Bernard Kirschenbaum

Malmö Konsthall

It will seem perhaps equally surprising to Americans and to Scandinavians that since the late 70s the New York sculptor Bernard Kirschenbaum has found industries interested in using their resources to realize his projects most often in Sweden and to some extent in Finland, and that it is chiefly in these two countries that galleries and museums have been willing to subject their spaces to his quiet but drastic operations. The latest of these was at the Malmö Konsthall, whose big, open, yet perceptually secure boxlike rooms were shaken to their foundations as they became the scene of Kirschenbaum’s biggest and most elaborate show to date.

The largest role in the installation was played by a kind of triptych of three gigantic curves, arranged in conjunction with the open plan of the museum. Its main corpus was a 100-foot-long double curtain made of thin hanging wires alternating between steel and copper; the steel wires hung from the ceiling to the floor, while the copper ones, short at the curtain’s outer edges, grew increasingly longer to reach the floor at its center. Together, the copper wires embodied a shimmering parabola. Like a projection from outer space, this open form seemed to shoot down through the roof, annihilating the indifferent security of the room. As one entered the show that security seemed confirmed: on the wall facing the entrance hung a segment of a circle in massive plates of bronze, a curve which in itself carried the imperturbable stability and strength of the entire closed circle.

However, not only the room but the viewer, as a sensuous body rather than as a social animal, participated in Kirschenbaum’s installation. As one broke through the first layer of metal wires in the double curtain, disturbing the perfect curve of the parabola, the tension in the room behind one diminished immediately; the curve lost its bold bronze rival. And when the parabola, slowly jingling, resumed its form, one found oneself in a corridor through whose semitransparent walls the exhibition space seemed to be redefined. Suddenly it stretched beyond the glass wall on the other side of the curtain too, encompassing the area outside the museum where a third curve was formed by a coarse, corroded steel tube, also 100 feet long. And while the two indoor curves were conic sections, and what Gestalt psychology, in its ethnocentricity, would call “good configurations,” the curve of the tube was unique. Its vague, somehow undefined form sprang from the relation between the weight of the tube and its load-bearing capacity. Its ends had quite simply been lifted as far as they could be without the center of the curve leaving the ground.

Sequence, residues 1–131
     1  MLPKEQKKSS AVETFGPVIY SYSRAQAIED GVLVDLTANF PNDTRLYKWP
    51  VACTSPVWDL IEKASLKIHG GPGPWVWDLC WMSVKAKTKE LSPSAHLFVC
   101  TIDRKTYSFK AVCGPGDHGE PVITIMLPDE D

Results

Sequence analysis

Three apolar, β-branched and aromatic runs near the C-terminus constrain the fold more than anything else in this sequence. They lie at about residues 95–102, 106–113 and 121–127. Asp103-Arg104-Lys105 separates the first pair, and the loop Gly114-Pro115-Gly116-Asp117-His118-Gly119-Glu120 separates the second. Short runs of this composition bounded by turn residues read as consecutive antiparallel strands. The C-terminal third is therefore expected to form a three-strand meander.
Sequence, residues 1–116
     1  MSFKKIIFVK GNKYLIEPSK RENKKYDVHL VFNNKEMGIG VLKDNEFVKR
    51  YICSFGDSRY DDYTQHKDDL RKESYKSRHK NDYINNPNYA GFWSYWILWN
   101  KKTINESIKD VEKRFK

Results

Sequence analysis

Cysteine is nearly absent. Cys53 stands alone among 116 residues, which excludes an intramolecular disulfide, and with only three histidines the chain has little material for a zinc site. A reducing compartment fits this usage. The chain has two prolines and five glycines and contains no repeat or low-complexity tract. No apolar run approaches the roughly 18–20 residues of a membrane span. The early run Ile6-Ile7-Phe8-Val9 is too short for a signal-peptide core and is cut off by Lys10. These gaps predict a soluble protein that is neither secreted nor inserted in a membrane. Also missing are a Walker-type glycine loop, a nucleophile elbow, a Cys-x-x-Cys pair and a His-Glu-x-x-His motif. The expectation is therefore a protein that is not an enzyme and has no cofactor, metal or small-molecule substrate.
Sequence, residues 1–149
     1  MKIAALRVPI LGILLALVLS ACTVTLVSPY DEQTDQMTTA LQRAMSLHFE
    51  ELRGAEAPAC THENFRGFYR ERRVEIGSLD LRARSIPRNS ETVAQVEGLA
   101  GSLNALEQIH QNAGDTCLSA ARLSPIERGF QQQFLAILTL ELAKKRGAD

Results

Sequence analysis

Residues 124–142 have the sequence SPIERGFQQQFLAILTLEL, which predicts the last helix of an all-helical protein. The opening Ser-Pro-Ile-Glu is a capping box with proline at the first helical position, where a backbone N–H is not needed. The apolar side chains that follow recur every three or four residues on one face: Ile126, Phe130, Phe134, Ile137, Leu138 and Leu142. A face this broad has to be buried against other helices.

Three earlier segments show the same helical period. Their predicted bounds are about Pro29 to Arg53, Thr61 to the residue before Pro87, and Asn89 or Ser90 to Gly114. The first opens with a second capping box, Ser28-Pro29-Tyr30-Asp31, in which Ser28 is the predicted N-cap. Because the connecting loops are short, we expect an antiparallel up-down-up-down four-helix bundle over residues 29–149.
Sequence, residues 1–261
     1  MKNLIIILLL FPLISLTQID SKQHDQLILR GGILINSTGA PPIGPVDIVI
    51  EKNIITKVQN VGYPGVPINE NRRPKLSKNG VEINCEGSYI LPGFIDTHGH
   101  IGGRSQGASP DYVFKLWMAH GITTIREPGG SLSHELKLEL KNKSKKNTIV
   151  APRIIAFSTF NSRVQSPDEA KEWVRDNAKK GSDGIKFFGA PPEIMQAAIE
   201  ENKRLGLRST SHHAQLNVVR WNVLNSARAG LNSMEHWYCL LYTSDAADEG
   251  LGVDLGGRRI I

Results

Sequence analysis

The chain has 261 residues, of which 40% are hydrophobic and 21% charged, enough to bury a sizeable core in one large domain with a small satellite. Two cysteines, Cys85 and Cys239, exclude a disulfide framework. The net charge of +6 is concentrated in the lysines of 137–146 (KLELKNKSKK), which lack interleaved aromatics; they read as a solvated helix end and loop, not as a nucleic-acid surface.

Kirschenbaum interferes with architecture in a manner both bold and economical, paring down his propositions like William of Occam. Yet his works are not only “operations” but also a kind of “building.” I like to think of them as deriving from the synthesis of, on the one hand, his collaboration with Gordon Matta-Clark and others in the Anarchitecture Group during the early ’70s, and, on the other, his years as an architect in partnership with Buckminster Fuller in the ’50s. Possibly it is the same kind of dialectic that has made it possible for him to use computers and lasers in producing his work while keeping at bay the rhetoric of power so easily associated with advanced technology. Or almost, but not quite: a counterpoint to the clearly temporary installation of the three curves took the form of a beautiful 21-foot-high arch of two triangular pillars of stainless steel, each pillar twisted a third of a turn and leaning toward the other to create a very definite “sculpture.” Looking at this piece I recognized the uneasy pleasure I have derived from watching the late-Modernist skyscrapers of midtown Manhattan play their sophisticated game with the cumuli of the autumn sky.

Lars Nittve

Translated from the Swedish by Lars-Håkan Svensson.